Disease Information for Thalassemia minor

Clinical Manifestations
Clinical Presentation & Variations
Anemia in Children
Disease Progression
Course/Chronic disorder
Course/Chronic only
Demographics & Risk Factors
Ethnic or Racial Factors
Mediterranean racial stock/population
Past History
Past history/Anemia
Past history/Refractory anemia
Population Group
Population/Pediatrics population
Family History
Family history/Anemia
Family history/Blood disease
Family history/Gallbladder disease
Sex & Age Groups
Laboratory Tests
Microbiology & Serology Findings
Microbiology & Serology Findings
Abnormal Lab Findings (Non Measured)
Bite cells/RBC (Lab)
Blister cells/RBC (Lab)
Heinz bodies RBC (Lab)
Heinz Body Prep/RBCs Positive
Hemoglobin electrophoresis abnormal (Lab)
Indirect bilirubin inc/normal direct bil. (Lab)
Microcytes/small RBCs on Blood smear
Microcytosis/microcytic anemia (Lab)
Abnormal Lab Findings - Decreased
Hematocrit (Lab)
Hemoglobin (Lab)
MCH (Lab)
MCHC (Lab)
MCV/Mean Corpuscular Volume (Lab)
MCV/RBC Ratio (Mentzer Index)
Osmotic fragility, RBC (Lab)
RBC/Red Blood Count (Lab)
Reticulocytes (Lab)
Abnormal Lab Findings - Increased
Anisocytosis (Lab)
Basophilic stippling, RBC (Lab)
Bilirubin, serum (Lab)
Fetal hemoglobin (Lab)
Free hemoglobin, plasma (Lab)
Indirect bilirubin (Lab)
Iron, serum (Lab)
Nucleated red blood cells/Normoblasts (Lab)
Poikilocytes (Lab)
Polychrome RBCs (Lab)
Reticulocytes (Lab)
Target cells (Lab)
Transferrin saturation (Lab)
Diagnostic Test Results
Bone Marrow/Iron stores normal/anemia
Bone Marrow/Iron stores/increased
Associated Diseases & Rule outs
Rule Outs
Iron deficiency anemia
Associated Disease & Complications
Neonatal hyperbilirubinemia
Priapism/persistent erection
Thallasemia minor/trait
Disease Mechanism & Classification
CLASS/Erythrocyte disorder (ex)
CLASS/Hematologic (category)
Pathophysiology/Chromosome gene locus 11 (11p15) region
Pathophysiology/Gene locus Chromosome 11
Pathophysiology/Gene locus Chromosome 11p
Pathophysiology/Gene locus Chromosome 16
Pathophysiology/Gene Locus Identified/OMIM database
Pathophysiology/Genomic indentifiers (polymorphism/snip/mutations)
PROCESS/Hereditofamilial (category)
PROCESS/Hemoglobinopathy disorder (ex)
PROCESS/Molecular/hematologic disorder (ex)
ANEMIA HEMOLYTIC THALASSEMIA MINOR, minor thalassemia, Thalassaemia minor, thalassemia minor, Thalassemia minor (disorder), THALLASSEMIA MINOR, Synonym/Heterozygous beta thalassemia
Other Treatments
TX/Genetic counselling

Thalassemia is diagnosed using blood tests, including a complete blood count (CBC) and special hemoglobin studies;

A CBC provides information about the amount of hemoglobin and the different kinds of blood cells, such as red blood cells, in a sample of blood; People with thalassemia have fewer red blood cells than normal and less hemoglobin than normal in their blood; Carriers of the trait may have slightly small red blood cells as their only sign;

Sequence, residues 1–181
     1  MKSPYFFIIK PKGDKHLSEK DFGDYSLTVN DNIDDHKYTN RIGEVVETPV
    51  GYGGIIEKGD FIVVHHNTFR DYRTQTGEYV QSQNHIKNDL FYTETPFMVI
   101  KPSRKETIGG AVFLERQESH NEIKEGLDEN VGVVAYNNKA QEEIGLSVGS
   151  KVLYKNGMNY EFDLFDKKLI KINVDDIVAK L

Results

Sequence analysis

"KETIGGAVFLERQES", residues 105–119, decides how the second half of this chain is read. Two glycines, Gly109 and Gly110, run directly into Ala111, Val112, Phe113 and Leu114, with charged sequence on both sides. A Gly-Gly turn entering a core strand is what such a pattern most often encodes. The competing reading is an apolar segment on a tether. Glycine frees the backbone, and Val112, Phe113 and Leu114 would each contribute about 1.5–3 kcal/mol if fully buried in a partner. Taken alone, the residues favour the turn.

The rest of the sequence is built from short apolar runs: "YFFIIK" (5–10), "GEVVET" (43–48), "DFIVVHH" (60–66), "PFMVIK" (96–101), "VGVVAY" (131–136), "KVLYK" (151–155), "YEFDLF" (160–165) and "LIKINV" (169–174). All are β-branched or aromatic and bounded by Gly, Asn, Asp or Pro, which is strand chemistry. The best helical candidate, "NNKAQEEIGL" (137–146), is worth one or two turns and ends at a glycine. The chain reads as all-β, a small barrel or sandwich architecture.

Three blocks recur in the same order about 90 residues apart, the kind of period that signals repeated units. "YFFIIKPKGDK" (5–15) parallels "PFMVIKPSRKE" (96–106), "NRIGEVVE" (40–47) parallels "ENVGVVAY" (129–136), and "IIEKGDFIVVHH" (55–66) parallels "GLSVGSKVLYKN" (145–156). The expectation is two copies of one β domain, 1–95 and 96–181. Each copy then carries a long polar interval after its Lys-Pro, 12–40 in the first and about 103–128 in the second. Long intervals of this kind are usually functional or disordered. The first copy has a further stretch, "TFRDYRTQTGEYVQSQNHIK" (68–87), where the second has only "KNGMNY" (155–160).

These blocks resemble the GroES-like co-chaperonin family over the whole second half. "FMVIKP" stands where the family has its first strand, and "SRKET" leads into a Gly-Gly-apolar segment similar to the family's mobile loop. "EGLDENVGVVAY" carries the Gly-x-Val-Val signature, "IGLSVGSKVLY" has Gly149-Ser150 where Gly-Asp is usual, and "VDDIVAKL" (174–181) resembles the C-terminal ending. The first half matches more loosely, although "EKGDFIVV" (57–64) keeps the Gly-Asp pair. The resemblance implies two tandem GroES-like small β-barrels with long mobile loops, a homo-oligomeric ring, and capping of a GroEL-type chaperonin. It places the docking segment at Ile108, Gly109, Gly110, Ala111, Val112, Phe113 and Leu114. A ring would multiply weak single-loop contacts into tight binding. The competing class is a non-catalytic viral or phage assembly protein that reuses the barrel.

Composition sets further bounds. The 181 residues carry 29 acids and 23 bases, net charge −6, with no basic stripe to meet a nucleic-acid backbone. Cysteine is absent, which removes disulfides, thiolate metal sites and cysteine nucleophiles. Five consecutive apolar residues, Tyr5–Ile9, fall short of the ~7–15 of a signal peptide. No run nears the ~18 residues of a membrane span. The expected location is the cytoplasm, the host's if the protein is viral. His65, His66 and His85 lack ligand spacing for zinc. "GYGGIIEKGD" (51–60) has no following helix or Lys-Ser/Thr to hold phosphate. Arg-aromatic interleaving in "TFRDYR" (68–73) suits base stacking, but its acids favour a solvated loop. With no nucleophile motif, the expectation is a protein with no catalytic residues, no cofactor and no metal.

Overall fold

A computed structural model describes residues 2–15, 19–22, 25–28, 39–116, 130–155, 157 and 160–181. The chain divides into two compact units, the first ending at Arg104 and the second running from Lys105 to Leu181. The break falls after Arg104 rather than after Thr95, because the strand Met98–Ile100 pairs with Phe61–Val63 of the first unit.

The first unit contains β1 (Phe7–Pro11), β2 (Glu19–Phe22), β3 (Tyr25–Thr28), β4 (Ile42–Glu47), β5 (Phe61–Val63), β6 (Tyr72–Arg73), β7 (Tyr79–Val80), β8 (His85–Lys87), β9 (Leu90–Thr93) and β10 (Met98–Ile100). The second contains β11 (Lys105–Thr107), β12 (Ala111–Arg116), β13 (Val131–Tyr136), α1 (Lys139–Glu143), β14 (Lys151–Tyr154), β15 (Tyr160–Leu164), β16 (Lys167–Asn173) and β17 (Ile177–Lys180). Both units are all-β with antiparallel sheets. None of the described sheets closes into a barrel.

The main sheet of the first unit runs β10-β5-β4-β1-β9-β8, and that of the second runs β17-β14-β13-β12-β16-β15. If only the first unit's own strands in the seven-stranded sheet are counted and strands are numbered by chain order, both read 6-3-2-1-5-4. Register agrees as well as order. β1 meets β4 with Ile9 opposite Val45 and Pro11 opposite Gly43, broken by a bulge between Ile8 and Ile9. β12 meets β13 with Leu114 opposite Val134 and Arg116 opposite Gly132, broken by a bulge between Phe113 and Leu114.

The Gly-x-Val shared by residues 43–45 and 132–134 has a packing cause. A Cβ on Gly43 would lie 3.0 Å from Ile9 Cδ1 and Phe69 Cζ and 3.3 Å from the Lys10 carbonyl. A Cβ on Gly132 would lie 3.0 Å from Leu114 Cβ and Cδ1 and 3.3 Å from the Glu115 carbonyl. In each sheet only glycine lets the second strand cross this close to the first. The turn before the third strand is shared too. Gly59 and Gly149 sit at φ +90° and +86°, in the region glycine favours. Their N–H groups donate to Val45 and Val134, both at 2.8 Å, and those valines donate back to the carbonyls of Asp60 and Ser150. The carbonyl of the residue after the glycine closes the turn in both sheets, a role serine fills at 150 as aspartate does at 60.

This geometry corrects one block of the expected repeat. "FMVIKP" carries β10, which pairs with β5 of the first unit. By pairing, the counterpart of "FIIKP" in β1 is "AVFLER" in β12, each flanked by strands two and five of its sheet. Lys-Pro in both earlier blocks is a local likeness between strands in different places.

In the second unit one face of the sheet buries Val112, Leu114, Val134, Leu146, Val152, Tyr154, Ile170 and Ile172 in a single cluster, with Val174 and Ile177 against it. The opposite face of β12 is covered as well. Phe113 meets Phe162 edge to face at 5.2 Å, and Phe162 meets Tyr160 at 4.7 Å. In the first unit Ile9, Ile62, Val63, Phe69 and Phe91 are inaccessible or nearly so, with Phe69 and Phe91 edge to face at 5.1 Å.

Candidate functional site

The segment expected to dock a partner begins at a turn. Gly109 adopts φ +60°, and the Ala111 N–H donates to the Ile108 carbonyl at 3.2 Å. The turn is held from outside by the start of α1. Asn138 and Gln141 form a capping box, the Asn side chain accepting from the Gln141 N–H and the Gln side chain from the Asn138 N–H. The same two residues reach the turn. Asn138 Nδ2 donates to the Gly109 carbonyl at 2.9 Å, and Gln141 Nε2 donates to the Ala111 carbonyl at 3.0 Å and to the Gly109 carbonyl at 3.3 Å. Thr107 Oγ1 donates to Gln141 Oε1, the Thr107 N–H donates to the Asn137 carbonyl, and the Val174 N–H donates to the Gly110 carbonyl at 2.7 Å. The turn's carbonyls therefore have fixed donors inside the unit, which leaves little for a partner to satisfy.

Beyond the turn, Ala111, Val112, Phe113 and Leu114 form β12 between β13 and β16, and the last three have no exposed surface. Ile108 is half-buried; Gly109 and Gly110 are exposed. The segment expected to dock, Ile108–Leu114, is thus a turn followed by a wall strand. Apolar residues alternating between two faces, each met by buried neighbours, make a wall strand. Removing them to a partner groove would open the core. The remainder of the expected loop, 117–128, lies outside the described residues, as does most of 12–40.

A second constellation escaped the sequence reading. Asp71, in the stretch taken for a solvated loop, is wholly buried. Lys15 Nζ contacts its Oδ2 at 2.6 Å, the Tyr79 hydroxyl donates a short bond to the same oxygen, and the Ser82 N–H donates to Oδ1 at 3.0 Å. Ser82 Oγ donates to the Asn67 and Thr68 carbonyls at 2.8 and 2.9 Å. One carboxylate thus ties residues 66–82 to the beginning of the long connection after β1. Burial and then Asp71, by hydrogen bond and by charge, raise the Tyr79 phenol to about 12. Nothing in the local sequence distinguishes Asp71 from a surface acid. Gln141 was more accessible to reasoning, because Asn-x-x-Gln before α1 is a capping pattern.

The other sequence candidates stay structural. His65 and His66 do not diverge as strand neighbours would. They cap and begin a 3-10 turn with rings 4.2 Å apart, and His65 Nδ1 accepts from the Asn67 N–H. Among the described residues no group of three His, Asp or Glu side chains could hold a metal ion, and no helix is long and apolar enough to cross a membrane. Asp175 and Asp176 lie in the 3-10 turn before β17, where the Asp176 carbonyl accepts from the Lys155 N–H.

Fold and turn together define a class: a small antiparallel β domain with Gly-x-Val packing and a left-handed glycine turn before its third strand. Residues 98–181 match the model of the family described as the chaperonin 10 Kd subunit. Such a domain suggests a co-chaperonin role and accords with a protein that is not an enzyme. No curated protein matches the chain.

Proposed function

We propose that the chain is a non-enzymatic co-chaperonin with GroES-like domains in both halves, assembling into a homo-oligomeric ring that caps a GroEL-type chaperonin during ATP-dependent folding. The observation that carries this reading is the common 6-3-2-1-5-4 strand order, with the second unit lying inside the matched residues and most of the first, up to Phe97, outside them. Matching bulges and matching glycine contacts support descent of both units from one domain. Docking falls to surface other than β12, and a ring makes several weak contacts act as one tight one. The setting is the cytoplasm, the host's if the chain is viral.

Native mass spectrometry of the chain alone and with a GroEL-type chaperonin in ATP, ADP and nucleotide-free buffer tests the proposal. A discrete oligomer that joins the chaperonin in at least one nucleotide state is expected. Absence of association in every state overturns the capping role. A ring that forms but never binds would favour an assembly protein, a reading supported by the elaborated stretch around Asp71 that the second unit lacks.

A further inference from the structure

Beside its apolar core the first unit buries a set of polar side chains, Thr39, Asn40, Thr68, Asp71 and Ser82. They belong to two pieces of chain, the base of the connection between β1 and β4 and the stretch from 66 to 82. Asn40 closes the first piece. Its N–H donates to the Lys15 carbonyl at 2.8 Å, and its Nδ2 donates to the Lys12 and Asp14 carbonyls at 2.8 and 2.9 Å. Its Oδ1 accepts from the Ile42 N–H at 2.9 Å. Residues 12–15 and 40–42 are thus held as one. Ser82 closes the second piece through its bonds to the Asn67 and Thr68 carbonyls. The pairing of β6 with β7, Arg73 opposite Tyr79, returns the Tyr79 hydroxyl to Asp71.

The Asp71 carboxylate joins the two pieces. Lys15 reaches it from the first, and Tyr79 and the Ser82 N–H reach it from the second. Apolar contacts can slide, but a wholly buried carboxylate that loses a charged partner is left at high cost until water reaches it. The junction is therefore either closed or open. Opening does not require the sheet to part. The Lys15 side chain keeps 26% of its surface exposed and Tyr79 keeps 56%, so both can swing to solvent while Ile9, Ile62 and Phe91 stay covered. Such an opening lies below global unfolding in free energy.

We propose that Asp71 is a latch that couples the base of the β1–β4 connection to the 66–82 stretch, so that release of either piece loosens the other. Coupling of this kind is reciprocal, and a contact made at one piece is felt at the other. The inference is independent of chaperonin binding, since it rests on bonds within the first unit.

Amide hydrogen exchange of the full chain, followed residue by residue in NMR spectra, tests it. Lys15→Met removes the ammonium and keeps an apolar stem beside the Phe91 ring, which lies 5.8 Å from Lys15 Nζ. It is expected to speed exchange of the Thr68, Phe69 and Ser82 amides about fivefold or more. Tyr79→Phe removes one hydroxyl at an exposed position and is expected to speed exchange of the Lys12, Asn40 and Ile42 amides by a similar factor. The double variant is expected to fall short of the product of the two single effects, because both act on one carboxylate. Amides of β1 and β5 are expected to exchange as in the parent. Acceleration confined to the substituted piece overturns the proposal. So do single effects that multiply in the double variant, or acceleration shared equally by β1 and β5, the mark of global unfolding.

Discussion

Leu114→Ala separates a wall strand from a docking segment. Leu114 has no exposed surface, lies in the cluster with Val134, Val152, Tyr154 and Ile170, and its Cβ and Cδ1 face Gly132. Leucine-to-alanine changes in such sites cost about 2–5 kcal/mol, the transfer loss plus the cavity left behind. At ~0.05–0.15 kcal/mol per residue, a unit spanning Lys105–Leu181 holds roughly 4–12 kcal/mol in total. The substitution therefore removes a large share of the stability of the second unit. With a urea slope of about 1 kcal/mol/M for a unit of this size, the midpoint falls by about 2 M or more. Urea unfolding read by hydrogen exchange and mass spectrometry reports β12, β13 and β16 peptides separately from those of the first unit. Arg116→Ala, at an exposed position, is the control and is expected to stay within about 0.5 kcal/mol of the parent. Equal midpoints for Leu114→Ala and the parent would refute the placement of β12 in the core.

Hemoglobin studies measure the types of hemoglobin in a blood sample; Cooley’s anemia is usually diagnosed in early childhood because of signs and symptoms, including severe anemia; Some people with milder forms of thalassemia may be diagnosed after a routine blood test shows that they have anemia; Doctors suspect thalassemia if a child has anemia and is a member of an ethnic group that is at risk for thalassemia; To distinguish anemia caused by iron deficiency from anemia caused by thalassemia, tests of the amount of iron in the blood may be done; Iron-deficiency anemia occurs because the body doesn’t have enough iron for making hemoglobin; The anemia in thalassemia occurs not because of a lack of iron, but because of a problem with either the alpha globin chain or the beta globin chain of hemoglobin; Iron supplements do nothing to improve the anemia of thalassemia, because missing iron is not the problem; Family genetic studies are also helpful in diagnosing thalassemia; This involves taking a family history and doing blood tests on family members; Prenatal testing can determine if an unborn baby has thalassemia and how severe it is likely to be;

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Hemoglobin is a protein that is carried by red cells; It picks up oxygen in the lungs and delivers it to the peripheral tissues to maintain the viability of cells; Hemoglobin is made from two similar proteins that "stick together"; Both proteins must be present for the hemoglobin to pick up and release oxygen normally; One of the component proteins is called alpha, the other is beta; Before birth, the beta protein is not expressed; A hemoglobin protein found only during fetal development, called gamma, substitutes up until birth; Like all proteins, the "blueprint" for hemoglobin exists in DNA ; Normally, an individual has four genes that code for the alpha protein, or alpha chain; Two other genes code for the beta chain;


External Links Related to Thalassemia minor
PubMed (National Library of Medicine)
NGC (National Guideline Clearinghouse)
Medscape (eMedicine)
Harrison's Online (accessmedicine)
NEJM (The New England Journal of Medicine)